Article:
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Pronounced I-know-ah


The blaze of the sun heated the faded dashboard, making a stuffy convection oven out of the Chevy Astro van. The windows were rolled up to stop the chalky yellow dust from invading. Rick and Manny couldn’t do much about except to take their t-shirts off and sweat profusely from their brows.

The air conditioning hadn’t been working in Rick’s van for over a year, and they hadn’t gotten around to fixing it before starting their road trip. Rick could tell Manny was starting to get frustrated because he had gone silent.

“Keep with me, Manny, only a mile on this road, and we’re golden,” Rick said.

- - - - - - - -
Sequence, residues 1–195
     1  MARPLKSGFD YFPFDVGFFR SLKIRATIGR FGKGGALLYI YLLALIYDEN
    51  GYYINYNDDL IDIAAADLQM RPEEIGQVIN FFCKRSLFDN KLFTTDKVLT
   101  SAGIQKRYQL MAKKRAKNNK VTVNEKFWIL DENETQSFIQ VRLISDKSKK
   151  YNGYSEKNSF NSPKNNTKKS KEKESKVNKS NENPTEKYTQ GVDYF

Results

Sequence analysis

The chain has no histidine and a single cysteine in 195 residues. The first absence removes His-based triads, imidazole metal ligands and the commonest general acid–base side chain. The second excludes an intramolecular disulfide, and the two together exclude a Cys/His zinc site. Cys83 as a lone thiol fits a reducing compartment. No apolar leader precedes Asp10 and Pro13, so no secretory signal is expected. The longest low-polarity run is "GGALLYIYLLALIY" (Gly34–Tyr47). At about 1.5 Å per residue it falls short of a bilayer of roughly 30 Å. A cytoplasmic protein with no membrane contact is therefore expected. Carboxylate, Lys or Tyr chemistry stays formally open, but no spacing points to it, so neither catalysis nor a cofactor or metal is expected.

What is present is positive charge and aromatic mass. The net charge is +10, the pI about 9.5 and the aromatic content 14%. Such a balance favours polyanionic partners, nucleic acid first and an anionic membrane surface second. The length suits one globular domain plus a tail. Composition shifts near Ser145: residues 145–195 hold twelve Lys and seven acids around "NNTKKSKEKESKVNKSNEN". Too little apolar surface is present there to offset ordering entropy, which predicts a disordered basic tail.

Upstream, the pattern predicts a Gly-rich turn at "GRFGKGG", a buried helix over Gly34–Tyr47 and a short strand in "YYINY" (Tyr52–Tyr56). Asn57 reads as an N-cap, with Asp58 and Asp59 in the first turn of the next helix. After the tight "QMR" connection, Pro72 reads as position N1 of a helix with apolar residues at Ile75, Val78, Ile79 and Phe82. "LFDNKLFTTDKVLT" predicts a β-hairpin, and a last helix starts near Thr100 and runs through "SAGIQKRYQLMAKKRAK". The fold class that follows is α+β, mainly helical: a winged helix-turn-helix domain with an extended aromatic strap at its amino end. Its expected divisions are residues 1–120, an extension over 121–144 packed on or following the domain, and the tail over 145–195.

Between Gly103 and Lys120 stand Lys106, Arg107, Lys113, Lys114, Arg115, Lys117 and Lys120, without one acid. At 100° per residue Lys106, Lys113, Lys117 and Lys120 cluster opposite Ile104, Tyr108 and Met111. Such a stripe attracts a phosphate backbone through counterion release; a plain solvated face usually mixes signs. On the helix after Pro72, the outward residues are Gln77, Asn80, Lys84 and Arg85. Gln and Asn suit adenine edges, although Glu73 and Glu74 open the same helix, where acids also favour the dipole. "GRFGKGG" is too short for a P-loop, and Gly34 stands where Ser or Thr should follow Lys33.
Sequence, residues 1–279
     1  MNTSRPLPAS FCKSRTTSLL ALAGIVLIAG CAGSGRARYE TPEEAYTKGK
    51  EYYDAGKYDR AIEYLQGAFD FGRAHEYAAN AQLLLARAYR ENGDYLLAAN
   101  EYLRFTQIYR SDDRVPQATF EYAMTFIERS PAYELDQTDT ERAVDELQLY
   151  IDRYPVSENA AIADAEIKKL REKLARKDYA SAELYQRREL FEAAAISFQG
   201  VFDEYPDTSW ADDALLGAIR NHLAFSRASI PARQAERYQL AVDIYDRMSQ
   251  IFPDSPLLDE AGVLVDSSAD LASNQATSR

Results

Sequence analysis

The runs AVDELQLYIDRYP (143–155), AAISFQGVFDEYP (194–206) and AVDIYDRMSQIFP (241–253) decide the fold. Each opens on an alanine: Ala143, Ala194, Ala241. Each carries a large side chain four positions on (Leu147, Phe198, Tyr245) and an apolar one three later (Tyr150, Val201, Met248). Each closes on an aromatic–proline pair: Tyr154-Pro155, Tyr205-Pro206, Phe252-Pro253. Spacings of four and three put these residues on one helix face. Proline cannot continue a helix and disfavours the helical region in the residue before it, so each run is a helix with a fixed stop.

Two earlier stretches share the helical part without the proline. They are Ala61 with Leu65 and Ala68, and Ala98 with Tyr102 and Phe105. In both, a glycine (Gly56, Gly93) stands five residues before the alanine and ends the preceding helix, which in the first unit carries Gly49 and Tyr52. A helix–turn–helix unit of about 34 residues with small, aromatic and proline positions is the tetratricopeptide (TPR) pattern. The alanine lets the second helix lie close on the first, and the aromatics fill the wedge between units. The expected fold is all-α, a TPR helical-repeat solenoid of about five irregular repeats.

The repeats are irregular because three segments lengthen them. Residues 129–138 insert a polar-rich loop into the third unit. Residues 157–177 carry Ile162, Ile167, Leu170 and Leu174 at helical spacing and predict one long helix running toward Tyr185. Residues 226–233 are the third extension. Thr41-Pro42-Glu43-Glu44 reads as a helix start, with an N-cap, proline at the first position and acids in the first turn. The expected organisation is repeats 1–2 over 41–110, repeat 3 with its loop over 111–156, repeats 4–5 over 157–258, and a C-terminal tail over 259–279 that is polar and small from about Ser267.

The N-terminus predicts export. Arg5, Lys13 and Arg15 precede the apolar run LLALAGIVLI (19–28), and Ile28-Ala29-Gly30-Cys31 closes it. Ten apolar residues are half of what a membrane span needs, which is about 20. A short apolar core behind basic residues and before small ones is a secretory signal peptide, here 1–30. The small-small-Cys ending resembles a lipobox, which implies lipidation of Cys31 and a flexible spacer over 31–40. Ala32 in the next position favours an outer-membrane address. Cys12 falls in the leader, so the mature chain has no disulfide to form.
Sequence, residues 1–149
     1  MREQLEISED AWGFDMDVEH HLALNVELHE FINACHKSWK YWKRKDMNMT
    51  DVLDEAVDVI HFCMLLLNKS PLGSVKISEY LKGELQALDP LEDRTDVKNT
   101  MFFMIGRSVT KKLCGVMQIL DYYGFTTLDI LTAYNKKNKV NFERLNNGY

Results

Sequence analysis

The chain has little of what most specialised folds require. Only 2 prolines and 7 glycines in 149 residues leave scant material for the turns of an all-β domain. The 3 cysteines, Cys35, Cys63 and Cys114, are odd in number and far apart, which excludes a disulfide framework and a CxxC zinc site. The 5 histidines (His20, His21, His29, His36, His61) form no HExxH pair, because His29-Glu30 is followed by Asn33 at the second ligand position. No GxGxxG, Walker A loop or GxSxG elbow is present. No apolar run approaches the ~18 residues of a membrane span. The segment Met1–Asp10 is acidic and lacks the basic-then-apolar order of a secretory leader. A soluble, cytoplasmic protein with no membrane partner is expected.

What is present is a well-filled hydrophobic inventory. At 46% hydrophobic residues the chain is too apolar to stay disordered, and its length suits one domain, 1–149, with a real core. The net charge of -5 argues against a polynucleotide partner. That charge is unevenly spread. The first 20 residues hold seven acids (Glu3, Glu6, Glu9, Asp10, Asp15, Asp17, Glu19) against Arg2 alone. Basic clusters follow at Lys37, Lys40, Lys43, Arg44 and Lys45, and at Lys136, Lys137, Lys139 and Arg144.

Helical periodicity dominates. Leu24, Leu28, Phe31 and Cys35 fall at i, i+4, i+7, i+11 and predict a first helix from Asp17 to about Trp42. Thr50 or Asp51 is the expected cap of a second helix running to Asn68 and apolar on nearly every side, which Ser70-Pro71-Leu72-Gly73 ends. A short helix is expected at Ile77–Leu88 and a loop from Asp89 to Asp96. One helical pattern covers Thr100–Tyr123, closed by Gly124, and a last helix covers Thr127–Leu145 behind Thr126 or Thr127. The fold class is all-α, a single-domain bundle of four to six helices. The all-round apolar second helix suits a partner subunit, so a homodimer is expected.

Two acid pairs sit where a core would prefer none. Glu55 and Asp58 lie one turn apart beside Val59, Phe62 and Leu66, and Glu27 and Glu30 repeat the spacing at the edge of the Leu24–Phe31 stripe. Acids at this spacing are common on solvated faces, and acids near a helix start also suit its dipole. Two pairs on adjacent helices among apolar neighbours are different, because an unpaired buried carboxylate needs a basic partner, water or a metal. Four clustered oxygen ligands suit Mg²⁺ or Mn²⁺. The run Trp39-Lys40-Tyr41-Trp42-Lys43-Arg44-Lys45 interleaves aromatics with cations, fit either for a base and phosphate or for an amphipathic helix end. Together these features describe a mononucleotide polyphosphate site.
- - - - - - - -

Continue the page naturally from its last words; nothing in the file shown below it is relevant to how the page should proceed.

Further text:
The Chevy squeaked on its rusting suspensions on the sandy washboard road. At the end of the straight and narrow dirt road, which stretched out in front of them like a yellow ribbon, the Sea of Cortez loomed in shimmering blue and turquoise, beckoning like a cool oasis. Spider-leg ocotillo cactus, and tall saguaros, and countless creosote bushes surrounded them in a strangely verdant frame, creating a charming, rustic landscape like something out of an Eagle’s song.

Manny grunted when the van hit a deep pothole. Rick reassured him, “Heard only good things about this place from my dad.”

As the road widened out, they encountered sand- and sun- faded rainbow beach houses and rows of palm tree palapa umbrella shades along a white sand bar that jutted lazily into a vermilion lagoon. A crooked sign nailed to a stump of a former palm tree read in ocean blue painted font: Lupita’s Resort & Bar 100 Meters.

“That’s the place!” Rick said as he turned the van onto the narrow side road.

Manny had binoculars out. He was studying the beach with a grim look. “No babes, bro. And no surf,” he said.